Garner v. Jones, 529 U.S. 244, 15 (2000)

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258

GARNER v. JONES

Scalia, J., concurring in part in judgment

California's Board of Prison Terms discretion to decrease the frequency. See California Dept. of Corrections v. Morales, 514 U. S. 499, 503 (1995); ante, at 250. Here, there has been no such change. Today, as at the time of respondent's offense, the Georgia statute requires only that the Board provide for automatic "periodic reconsideration," Ga. Code Ann. 42-9-45 (1982). The length of the period, like the ultimate question of parole, was and is entrusted to the Board's discretion.

Any sensible application of the Ex Post Facto Clause, and any application faithful to its historical meaning, must draw a distinction between the penalty that a person can anticipate for the commission of a particular crime, and opportunities for mercy or clemency that may go to the reduction of the penalty. I know of no precedent for the proposition that a defendant is entitled to the same degree of mercy or clemency that he could have expected at the time he committed his offense. Under the traditional system of minimum-maximum sentences (20 years to life, for example), it would be absurd to argue that a defendant would have an ex post facto claim if the compassionate judge who presided over the district where he committed his crime were replaced, prior to the defendant's trial, by a so-called "hanging judge." Discretion to be compassionate or harsh is inherent in the sentencing scheme, and being denied compassion is one of the risks that the offender knowingly assumes.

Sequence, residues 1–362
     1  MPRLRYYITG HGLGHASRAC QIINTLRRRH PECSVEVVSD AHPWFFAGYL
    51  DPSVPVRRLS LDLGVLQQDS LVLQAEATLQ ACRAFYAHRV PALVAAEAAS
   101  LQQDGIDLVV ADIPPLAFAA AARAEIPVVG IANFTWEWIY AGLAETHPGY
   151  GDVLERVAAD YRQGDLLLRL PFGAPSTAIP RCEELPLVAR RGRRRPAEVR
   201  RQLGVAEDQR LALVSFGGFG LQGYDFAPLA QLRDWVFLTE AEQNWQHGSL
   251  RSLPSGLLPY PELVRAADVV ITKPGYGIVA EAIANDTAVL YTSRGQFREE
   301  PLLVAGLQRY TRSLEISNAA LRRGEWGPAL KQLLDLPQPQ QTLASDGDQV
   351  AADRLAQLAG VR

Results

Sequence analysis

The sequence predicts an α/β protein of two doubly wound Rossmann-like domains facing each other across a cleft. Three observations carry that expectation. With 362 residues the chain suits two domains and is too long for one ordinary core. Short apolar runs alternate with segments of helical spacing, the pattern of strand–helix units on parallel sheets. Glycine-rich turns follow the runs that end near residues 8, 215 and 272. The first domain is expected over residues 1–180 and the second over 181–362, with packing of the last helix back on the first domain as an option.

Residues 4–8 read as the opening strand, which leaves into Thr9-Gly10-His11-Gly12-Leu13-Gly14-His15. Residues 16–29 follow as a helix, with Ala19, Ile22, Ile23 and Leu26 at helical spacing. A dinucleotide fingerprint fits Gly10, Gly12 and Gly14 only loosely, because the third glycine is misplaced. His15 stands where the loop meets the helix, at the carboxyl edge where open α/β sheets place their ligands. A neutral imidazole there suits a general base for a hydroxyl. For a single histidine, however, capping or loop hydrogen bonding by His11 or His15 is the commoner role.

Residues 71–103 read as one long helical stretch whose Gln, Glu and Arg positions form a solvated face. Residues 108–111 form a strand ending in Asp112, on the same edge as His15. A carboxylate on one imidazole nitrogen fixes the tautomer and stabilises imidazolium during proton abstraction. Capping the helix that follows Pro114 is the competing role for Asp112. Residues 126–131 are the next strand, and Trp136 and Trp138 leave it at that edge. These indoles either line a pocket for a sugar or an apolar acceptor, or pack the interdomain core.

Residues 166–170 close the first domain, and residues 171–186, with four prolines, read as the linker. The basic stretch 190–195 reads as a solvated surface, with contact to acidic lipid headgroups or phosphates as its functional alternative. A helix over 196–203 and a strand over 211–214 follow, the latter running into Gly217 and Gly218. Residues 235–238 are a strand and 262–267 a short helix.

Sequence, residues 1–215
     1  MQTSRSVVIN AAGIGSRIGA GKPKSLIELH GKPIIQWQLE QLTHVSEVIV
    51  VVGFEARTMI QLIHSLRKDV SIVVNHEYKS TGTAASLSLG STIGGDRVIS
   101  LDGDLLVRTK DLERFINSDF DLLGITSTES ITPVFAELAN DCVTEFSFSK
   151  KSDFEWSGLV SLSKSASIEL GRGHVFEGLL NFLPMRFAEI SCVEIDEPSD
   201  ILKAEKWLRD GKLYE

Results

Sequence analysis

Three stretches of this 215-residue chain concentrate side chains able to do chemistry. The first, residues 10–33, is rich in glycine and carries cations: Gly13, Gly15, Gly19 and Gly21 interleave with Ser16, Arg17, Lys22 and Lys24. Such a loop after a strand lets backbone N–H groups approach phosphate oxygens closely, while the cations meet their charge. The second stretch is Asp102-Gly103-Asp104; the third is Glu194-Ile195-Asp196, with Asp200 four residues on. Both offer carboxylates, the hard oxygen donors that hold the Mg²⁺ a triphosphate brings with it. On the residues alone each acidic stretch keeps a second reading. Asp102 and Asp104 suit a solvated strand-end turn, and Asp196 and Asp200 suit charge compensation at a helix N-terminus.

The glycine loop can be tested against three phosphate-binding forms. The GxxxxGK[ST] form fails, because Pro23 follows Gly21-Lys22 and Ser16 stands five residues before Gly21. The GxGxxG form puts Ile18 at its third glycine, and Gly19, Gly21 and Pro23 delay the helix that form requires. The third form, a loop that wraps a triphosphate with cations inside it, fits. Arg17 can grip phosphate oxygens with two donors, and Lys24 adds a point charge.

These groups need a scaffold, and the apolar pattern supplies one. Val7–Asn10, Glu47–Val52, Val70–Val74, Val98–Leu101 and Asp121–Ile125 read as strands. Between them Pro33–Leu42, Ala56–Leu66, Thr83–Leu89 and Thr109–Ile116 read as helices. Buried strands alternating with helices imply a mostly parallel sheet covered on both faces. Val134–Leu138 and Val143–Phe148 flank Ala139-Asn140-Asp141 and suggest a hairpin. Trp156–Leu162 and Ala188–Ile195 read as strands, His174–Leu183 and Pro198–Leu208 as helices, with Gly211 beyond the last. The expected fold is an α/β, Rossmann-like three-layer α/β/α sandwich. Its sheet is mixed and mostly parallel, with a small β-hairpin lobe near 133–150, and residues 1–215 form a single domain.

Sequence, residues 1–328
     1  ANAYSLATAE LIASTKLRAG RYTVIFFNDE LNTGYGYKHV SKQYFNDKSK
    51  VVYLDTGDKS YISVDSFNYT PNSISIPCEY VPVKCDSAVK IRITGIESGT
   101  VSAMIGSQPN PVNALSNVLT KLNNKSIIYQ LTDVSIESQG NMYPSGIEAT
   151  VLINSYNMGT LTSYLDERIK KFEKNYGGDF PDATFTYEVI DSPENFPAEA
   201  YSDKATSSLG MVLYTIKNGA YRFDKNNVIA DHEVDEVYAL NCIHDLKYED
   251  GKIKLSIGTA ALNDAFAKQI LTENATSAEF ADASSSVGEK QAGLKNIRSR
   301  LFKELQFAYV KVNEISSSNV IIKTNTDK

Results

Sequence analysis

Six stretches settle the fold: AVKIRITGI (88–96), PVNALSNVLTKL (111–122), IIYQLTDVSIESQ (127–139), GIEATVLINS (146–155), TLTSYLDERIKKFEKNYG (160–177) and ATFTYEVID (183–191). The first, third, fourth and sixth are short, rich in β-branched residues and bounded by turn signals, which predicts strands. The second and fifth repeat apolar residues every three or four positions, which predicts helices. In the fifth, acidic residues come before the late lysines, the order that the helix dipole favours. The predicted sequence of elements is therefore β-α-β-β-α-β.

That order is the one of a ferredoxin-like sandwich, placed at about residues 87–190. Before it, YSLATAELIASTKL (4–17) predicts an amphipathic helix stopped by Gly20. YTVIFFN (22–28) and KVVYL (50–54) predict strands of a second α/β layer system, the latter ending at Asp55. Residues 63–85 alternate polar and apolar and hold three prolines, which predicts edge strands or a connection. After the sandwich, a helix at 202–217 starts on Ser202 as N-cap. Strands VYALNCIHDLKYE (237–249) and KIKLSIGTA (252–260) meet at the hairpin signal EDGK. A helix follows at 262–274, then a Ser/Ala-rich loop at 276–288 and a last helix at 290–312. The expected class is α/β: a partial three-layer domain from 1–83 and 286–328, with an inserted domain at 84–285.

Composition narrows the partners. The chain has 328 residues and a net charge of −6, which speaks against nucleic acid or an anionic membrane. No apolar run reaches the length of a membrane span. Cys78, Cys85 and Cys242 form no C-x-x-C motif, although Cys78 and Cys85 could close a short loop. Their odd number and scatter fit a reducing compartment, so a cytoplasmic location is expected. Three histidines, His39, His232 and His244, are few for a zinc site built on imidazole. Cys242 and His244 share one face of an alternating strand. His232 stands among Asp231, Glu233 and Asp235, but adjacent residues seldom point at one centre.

At the margins, to be sure, it may be difficult to distinguish between justice and mercy. A statutory parole system that reduces a prisoner's sentence by fixed amounts of time for good behavior during incarceration can realistically be viewed as an entitlement—a reduction of the prescribed penalty—rather than a discretionary grant of leniency. But that is immeasurably far removed from the present case. In Georgia parole, like pardon (which is granted or denied by the same Board), is—and was at the time respondent committed his offense—a matter of grace. It may be denied for

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